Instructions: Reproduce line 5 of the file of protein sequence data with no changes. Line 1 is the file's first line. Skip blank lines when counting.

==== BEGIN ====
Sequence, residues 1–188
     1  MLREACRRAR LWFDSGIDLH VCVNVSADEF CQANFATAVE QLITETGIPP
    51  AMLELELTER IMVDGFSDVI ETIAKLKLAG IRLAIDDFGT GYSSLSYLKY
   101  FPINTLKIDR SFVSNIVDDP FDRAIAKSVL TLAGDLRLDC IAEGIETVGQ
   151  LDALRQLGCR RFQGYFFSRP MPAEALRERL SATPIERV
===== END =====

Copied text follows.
   151  LDALRQLGCR RFQGYFFSRP MPAEALRERL SATPIERV